Neusner, Tzvee Zahavy, others. University of Chicago Press. This translation uses a form-analytical presentation that makes the logical units of discourse easier to identify and follow. This work has received many positive reviews. However, some consider Neusner's translation methodology idiosyncratic. One volume was negatively reviewed by Saul Lieberman
Saul Lieberman
of the Jewish Theological Seminary. Schottenstein Edition of the Yerushalmi Talmud
Talmud
Mesorah/Artscroll. This translation is the counterpart to Mesorah/Artscroll's Schottenstein Edition of the Talmud
Talmud
(i.e. Babylonian Talmud). The Jerusalem
Jerusalem
Talmud, Edition, Translation and Commentary, ed. Guggenheimer, Heinrich W., Walter de Gruyter GmbH & Co. KG, Berlin, Germany German Edition, Übersetzung des Talmud
Talmud
Yerushalmi, published by Martin Hengel, Peter Schäfer, Hans-Jürgen Becker, Frowald Gil Hüttenmeister, Mohr&Siebeck, Tübingen, Germany Modern Elucidated Talmud
Talmud
Yerushalmi, ed. Joshua Buch. Uses the Leiden manuscript as its based text corrected according to manuscripts and Geniza Fragments. Draws upon Traditional and Modern Scholarship - www.talmudyerushalmi.org/talmud-yerushalmi-mevoar/

Scholarship[edit] From the time of its completion, the Talmud
Talmud
became integral to Jewish scholarship. A maxim in Pirkei Avot
Pirkei Avot
advocates its study from the age of 15.[42] This section outlines some of the major areas of Talmudic study. Geonim[edit] The earliest Talmud
Talmud
commentaries were written by the Geonim (c. 800 - 1000, CE) in Babylonia. Although some direct commentaries on particular treatises are extant, our main knowledge of Gaonic era Talmud
Talmud
scholarship comes from statements embedded in Geonic responsa that shed light on Talmudic passages: these are arranged in the order of the Talmud
Talmud
in Levin's Otzar ha-Geonim. Also important are practical abridgments of Jewish law such as Yehudai Gaon's Halachot Pesukot, Achai Gaon's Sheeltot and Simeon Kayyara's Halachot Gedolot. After the death of Hai Gaon, however, the center of Talmud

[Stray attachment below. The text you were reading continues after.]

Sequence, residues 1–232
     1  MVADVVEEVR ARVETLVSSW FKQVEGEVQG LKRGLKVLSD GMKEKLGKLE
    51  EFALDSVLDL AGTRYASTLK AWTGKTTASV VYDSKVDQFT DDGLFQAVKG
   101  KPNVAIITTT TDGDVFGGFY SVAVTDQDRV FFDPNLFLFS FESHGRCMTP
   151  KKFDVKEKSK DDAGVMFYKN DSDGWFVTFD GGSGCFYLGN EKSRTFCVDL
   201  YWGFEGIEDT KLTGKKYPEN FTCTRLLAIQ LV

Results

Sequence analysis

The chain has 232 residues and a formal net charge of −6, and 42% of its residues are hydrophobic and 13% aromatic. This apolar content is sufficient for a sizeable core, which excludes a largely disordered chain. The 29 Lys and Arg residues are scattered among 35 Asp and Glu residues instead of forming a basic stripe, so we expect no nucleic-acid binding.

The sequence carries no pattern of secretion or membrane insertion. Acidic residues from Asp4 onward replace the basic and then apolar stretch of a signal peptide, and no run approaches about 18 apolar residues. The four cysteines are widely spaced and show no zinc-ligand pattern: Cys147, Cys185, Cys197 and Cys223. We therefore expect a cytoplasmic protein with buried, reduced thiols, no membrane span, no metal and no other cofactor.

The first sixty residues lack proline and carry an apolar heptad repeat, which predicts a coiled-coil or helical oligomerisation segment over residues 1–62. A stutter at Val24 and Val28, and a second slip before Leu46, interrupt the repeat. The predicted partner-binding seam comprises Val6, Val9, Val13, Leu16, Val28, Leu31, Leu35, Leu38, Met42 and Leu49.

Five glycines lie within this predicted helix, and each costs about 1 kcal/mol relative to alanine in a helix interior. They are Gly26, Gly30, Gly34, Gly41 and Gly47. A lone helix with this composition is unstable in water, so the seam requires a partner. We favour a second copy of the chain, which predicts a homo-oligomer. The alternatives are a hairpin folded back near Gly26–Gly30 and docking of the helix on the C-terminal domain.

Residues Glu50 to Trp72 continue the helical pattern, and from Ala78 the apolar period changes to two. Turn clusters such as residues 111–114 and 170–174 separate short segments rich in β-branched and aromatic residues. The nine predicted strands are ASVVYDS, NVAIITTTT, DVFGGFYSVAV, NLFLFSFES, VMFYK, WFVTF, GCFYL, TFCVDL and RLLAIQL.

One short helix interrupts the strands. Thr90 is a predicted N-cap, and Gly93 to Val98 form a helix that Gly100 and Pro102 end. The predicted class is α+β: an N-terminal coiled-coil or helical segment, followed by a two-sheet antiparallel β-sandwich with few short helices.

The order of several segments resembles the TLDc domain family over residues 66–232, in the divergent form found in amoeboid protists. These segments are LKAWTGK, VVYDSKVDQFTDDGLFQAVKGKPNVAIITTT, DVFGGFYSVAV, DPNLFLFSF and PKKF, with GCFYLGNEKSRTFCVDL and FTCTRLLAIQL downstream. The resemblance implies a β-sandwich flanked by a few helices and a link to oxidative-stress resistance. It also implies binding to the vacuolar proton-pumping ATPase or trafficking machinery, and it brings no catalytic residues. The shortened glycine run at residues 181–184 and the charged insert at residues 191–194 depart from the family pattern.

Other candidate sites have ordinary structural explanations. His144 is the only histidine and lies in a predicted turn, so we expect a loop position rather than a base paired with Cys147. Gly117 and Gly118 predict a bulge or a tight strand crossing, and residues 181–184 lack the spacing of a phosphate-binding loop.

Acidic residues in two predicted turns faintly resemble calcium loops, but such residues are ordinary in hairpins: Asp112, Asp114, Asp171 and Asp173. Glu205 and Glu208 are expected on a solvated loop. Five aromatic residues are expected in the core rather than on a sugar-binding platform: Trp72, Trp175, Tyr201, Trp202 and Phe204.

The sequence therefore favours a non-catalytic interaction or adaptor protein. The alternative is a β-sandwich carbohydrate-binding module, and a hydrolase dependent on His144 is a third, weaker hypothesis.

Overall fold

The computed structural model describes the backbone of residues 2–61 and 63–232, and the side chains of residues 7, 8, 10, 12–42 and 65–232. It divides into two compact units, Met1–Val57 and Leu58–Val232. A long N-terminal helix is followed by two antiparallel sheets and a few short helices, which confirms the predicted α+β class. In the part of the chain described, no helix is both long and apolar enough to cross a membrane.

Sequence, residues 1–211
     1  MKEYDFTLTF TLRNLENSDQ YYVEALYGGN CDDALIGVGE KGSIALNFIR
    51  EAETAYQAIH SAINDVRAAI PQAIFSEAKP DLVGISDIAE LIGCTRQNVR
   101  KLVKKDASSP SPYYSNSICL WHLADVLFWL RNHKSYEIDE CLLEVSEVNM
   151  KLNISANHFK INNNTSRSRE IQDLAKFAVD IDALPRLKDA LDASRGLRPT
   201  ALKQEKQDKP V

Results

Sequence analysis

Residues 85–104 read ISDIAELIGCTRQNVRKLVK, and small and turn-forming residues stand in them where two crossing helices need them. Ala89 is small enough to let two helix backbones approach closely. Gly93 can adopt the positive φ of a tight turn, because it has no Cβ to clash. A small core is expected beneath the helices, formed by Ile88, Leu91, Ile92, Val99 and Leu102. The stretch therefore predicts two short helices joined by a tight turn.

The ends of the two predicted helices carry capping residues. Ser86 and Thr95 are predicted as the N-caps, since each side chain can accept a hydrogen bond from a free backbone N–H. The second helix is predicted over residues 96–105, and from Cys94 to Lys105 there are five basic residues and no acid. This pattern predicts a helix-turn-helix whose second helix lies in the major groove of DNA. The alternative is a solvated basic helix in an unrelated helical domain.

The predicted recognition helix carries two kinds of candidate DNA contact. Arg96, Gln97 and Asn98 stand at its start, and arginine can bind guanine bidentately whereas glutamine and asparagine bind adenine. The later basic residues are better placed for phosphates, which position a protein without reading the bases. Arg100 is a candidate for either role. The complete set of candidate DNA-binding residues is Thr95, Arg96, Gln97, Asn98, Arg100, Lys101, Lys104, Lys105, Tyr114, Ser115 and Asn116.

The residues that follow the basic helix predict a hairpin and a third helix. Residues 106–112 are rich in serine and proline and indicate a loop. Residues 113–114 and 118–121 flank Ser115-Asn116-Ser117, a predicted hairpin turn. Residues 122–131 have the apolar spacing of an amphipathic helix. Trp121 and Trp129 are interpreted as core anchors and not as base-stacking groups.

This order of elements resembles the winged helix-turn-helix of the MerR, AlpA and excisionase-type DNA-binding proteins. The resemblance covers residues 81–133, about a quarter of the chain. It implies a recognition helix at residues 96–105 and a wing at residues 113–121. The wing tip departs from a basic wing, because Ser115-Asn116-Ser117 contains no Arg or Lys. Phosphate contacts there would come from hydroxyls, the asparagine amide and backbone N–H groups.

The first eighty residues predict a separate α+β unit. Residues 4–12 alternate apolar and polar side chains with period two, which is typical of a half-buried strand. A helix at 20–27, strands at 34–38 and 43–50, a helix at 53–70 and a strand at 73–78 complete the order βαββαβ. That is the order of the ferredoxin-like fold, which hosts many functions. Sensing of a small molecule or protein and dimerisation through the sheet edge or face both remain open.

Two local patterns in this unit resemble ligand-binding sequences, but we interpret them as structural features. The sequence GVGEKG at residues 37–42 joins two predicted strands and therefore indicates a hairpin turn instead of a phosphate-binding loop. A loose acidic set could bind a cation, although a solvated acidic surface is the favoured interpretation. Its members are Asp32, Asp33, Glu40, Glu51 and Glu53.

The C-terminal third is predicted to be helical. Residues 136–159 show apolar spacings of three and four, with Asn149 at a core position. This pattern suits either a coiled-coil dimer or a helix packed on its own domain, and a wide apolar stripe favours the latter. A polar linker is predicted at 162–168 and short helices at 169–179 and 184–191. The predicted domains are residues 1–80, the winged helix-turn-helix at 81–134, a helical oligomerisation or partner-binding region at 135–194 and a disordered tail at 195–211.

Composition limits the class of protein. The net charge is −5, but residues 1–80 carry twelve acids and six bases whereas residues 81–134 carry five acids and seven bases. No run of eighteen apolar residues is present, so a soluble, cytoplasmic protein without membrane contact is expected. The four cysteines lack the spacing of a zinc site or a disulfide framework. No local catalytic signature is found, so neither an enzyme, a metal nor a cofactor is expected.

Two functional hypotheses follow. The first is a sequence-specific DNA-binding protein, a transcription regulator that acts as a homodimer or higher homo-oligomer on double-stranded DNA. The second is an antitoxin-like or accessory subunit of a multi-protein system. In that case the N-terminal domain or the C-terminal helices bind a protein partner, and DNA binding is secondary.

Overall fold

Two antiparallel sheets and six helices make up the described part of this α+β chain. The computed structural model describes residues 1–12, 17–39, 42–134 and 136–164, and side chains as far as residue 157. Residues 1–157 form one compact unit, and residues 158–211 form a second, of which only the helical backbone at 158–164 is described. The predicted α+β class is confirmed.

Talmud
scholarship shifts to Europe and North Africa. Halakhic and Aggadic extractions[edit] One area of Talmudic scholarship developed out of the need to ascertain the Halakha. Early commentators such as Rabbi
Rabbi
Isaac
Isaac
Alfasi (North Africa, 1013–1103) attempted to extract and determine the binding legal opinions from the vast corpus of the Talmud. Alfasi's work was highly influential, attracted several commentaries in its own right and later served as a basis for the creation of halakhic codes. Another influential medieval Halakhic work following the order of the Babylonian Talmud, and to some extent modelled on Alfasi, was "the Mordechai", a compilation by Mordechai ben Hillel (c. 1250 – 1298). A third such work was that of Rabbi
Rabbi
Asher ben Yechiel (d. 1327). All these works and their commentaries are printed in the Vilna and many subsequent editions of the Talmud. A 15th-century Spanish rabbi, Jacob
Jacob
ibn Habib (d. 1516), composed the Ein Yaakov. Ein Yaakov
Ein Yaakov
(or En Ya'aqob) extracts nearly all the Aggadic material from the Talmud. It was intended to familiarize the public with the ethical parts of the Talmud
Talmud
and to dispute many of the accusations surrounding its contents. Commentaries[edit] Main article: Rabbinic literature The Talmud
The Talmud
is often cryptic and difficult to understand. Its language contains many Greek and Persian words that became obscure over time. A major area of Talmudic scholarship developed to explain these passages and words. Some early commentators such as Rabbenu Gershom of Mainz (10th century) and Rabbenu Ḥananel (early 11th century) produced running commentaries to various tractates. These commentaries could be read with the text of the Talmud